BUCKHEAD, Ga. — Voters across Georgia will be able to weigh in on whether Atlanta's Buckhead neighborhood should become a city during the primary election in May, but the results may not change much.
Buckhead City Committee leaders said the ballot question on cityhood will be presented on the Republican primary ballot, adding the party has decided to ask its voters across the state this "advisory question." The committee has been efforting to secede from Atlanta, citing the city's high crime rate and calling cityhood an opportunity to lower taxes.
“We are very much looking forward to receive this important feedback from our fellow Georgians across the entire state. We often hear how Buckhead has lost so many visitors as families tell us they no longer feel safe coming from Athens, Blue Ridge, Gainesville and across the state to celebrate, dine, shop and visit for special family occasions or even for business. The results of this ballot question will be even more significant to share for the GA Legislature as they decide putting Buckhead City on the ballot for May or November 2023," Buckhead City Committee CEO Bill White said in a news release.
Though Buckhead is in Fulton County, The Georgia Republican Party clarified that Republican voters beyond county limits will be able to weigh in on the matter.
"The ballot advisory questions will appear on every Republican primary ballot throughout the state," GAGOP Press Secretary Dani Repass said in a statement to 11Alive.
The ballot initiative comes despite the General Assembly's decision to not take up the issue this legislative session, essentially shooting down Buckhead's opportunity to officially secede from Atlanta any time soon.
"If it’s a cheap sales pitch that you vote for the city and crime goes away, all of us know that that’s not true," Lt. Governor Geoff Duncan, previously said about the issue, adding that cityhood wouldn't solve the problems supporters have been touting.
The issue on the ballot will have a similar effect, 11Alive's political expert Andra Gillespie said.
"So having this straw poll, for all intents and purposes, on Buckhead is not binding," she said.
Gillespie pointed out the data from voters could be used to revisit efforts and reframe the fight to make Buckhead its own city, so the question if anything could provide statewide information for the committee or other cityhood movements.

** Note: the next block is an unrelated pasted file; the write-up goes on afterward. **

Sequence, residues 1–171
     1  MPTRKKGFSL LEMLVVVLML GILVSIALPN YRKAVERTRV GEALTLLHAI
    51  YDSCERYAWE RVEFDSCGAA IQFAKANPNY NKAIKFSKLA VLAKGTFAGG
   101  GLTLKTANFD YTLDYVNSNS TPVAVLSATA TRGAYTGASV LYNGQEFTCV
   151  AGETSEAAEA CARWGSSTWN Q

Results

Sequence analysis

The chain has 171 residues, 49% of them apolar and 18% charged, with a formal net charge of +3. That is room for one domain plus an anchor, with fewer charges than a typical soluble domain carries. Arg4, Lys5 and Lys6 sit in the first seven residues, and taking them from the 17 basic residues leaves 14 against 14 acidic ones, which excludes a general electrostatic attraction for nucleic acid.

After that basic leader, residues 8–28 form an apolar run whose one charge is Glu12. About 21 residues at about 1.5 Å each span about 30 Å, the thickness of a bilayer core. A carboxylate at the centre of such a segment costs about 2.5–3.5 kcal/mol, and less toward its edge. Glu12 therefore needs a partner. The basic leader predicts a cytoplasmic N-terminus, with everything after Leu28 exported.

"It certainly could be deployed and used later to, you know, either revive the Buckhead secession movement next session or to talk about other cityhood movements which have been going on in Metro Atlanta for the better part of the last 20 years," she said.
However, Gillespie said the data won't be sound.
According to the committee pushing for Buckhead cityhood, the May 24 ballot question will read:
“Crime has dramatically increased throughout the country including in our capital city of Atlanta. Should the citizens of residential areas like the Buckhead community of Atlanta be allowed to vote to create their own city governments and police departments?”
"The issue with the question, as it is worded, is that it is in fact leading," Gillespie said.
She added the sentence before the actual question will prime voters.
"It's going to set a particular mindset that could actually influence choices later," she said. "From a scientific standpoint, if I just wanted to ask people what they thought about the cityhood movement, I would just ask a question about cityhood movements -- I would leave Atlanta out, I would leave any discussion about crime out."
Though the efforts to make Buckhead its own formal city seems relentless, Gillepsie shed light on the political payoff it could have for Georgia's GOP.
"The cityhood movement that we have seen formulate in the last 20 years, and particularly in metro Atlanta, have benefitted from Republicans controlling the state legislature," Gillespie said. "You know, these were things that weren't successful when Democrats controlled the state legislature. But this is something that Republican legislators have supported and voted for and Republican governors have signed so there can be referenda to create."
Gillespie advises when voters head to the polls this May to think critically about the question and to consider what is motivating their answer.
"You didn't need this referendum to create the city of Sandy Springs, or Dunwoody, or South Fulton," she said. "These things were happening on their own."